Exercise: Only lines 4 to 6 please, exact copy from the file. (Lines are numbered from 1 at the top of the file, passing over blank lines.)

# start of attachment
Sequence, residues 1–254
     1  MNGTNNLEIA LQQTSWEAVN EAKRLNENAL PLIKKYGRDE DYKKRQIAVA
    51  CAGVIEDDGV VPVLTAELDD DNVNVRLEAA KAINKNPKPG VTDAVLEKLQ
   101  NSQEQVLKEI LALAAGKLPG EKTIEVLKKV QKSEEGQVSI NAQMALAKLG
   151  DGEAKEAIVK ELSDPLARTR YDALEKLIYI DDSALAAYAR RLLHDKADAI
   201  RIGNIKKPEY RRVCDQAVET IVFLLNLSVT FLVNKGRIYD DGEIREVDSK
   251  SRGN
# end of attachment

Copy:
   101  NSQEQVLKEI LALAAGKLPG EKTIEVLKKV QKSEEGQVSI NAQMALAKLG
   151  DGEAKEAIVK ELSDPLARTR YDALEKLIYI DDSALAAYAR RLLHDKADAI
   201  RIGNIKKPEY RRVCDQAVET IVFLLNLSVT FLVNKGRIYD DGEIREVDSK